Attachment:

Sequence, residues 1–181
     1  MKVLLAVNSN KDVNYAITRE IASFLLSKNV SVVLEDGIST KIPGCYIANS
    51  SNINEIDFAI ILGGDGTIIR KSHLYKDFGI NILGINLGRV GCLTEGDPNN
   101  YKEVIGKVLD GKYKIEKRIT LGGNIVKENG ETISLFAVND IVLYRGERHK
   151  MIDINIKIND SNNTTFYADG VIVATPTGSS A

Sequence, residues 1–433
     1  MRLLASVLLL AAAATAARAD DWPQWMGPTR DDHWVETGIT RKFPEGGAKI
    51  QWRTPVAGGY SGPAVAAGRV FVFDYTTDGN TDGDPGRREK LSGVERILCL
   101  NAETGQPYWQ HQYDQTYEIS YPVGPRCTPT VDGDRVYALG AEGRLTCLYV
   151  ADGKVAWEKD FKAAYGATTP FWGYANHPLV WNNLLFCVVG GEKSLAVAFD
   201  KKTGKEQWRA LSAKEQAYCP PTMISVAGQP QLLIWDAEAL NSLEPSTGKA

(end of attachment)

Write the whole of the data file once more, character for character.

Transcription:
Sequence, residues 1–181
     1  MKVLLAVNSN KDVNYAITRE IASFLLSKNV SVVLEDGIST KIPGCYIANS
    51  SNINEIDFAI ILGGDGTIIR KSHLYKDFGI NILGINLGRV GCLTEGDPNN
   101  YKEVIGKVLD GKYKIEKRIT LGGNIVKENG ETISLFAVND IVLYRGERHK
   151  MIDINIKIND SNNTTFYADG VIVATPTGSS A

Sequence, residues 1–433
     1  MRLLASVLLL AAAATAARAD DWPQWMGPTR DDHWVETGIT RKFPEGGAKI
    51  QWRTPVAGGY SGPAVAAGRV FVFDYTTDGN TDGDPGRREK LSGVERILCL
   101  NAETGQPYWQ HQYDQTYEIS YPVGPRCTPT VDGDRVYALG AEGRLTCLYV
   151  ADGKVAWEKD FKAAYGATTP FWGYANHPLV WNNLLFCVVG GEKSLAVAFD
   201  KKTGKEQWRA LSAKEQAYCP PTMISVAGQP QLLIWDAEAL NSLEPSTGKA